34 “To get used to a hat, a car or a stick is to be transplanted into them, or conversely, to incorporate them into the bulk of our own body.” (Merleau-Ponty 1962: 143).

35 Something similar happened with my horse Joy when I was younger. She was always slightly nervous in traffic, and I internalized her responses so that when I rode my bicycle, plastic bags also scared me.

36 Ideally, I would have left all choice of participation in our household with him. It took him only a few days to start to appreciate having a house, both in terms of safety and food, so I suspect he would have chosen to live with me (at least over his former situation).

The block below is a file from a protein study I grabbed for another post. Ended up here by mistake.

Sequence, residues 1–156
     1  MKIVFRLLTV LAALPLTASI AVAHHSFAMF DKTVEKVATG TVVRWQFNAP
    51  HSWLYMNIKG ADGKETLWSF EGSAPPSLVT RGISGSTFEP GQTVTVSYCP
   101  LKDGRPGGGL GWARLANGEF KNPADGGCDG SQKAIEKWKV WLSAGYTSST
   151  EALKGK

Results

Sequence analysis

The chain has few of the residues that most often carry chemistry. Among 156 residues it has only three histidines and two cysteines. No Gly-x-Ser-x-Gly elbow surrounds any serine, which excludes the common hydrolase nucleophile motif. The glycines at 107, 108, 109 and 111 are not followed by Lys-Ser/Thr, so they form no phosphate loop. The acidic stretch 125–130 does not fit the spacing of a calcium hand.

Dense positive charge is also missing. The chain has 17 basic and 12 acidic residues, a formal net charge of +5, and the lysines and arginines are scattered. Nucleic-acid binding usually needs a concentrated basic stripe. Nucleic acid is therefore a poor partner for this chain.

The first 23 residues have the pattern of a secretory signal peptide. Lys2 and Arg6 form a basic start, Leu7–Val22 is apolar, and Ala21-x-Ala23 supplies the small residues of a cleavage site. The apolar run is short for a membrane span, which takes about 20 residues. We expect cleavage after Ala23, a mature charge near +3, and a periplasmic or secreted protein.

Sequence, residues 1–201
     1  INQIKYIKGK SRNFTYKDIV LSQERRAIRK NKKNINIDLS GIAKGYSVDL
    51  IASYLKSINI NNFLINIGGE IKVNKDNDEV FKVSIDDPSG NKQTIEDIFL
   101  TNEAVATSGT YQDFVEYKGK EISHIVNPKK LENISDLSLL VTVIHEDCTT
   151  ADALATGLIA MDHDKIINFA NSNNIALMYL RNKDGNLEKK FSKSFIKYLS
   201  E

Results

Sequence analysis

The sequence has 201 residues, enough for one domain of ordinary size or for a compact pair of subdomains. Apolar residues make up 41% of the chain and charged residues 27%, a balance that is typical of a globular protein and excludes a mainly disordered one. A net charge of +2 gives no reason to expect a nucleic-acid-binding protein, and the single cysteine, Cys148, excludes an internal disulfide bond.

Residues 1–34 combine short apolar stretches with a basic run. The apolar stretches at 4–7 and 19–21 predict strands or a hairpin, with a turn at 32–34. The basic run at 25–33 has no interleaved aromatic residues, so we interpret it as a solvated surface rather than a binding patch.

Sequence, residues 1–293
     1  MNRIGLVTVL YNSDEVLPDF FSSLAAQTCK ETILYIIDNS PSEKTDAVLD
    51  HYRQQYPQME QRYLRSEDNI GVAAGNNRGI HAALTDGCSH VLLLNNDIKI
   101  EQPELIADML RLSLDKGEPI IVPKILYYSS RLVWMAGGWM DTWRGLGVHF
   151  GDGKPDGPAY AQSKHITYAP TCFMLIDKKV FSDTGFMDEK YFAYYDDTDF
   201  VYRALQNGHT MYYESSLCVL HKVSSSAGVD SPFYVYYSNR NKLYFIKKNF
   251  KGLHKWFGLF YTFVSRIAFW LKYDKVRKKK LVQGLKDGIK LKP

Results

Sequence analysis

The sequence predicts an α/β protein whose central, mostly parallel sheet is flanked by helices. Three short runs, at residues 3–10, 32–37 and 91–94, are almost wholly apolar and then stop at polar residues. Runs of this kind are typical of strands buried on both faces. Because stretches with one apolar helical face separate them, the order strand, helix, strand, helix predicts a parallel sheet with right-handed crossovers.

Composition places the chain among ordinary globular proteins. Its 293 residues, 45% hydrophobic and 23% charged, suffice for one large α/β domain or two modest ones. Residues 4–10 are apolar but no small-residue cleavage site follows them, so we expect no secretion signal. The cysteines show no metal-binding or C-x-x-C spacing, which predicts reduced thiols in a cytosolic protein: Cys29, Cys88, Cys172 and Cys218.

37 Small acts of violence towards dogs are completely accepted in our society: almost every day I see humans drag dogs along (with collars that almost choke them), yell at them or even hit or kick them.

38 For Foucault, power is not simply oppression: power produces and is mutual; there is always the possibility of a reversal of power. This is literally true for the leash as instrument: we are both on a side exercising pressure, with the leash between us as a topic for discussion. The power relations between us are not fixed; I often follow him and use no force. The leash can of course also be a tool for oppression, depending on the human and dog and the training strategies involved.

39 He does not simply follow and if I would pull the leash, he only pulls on the other side. I need to convince him (we are going home now).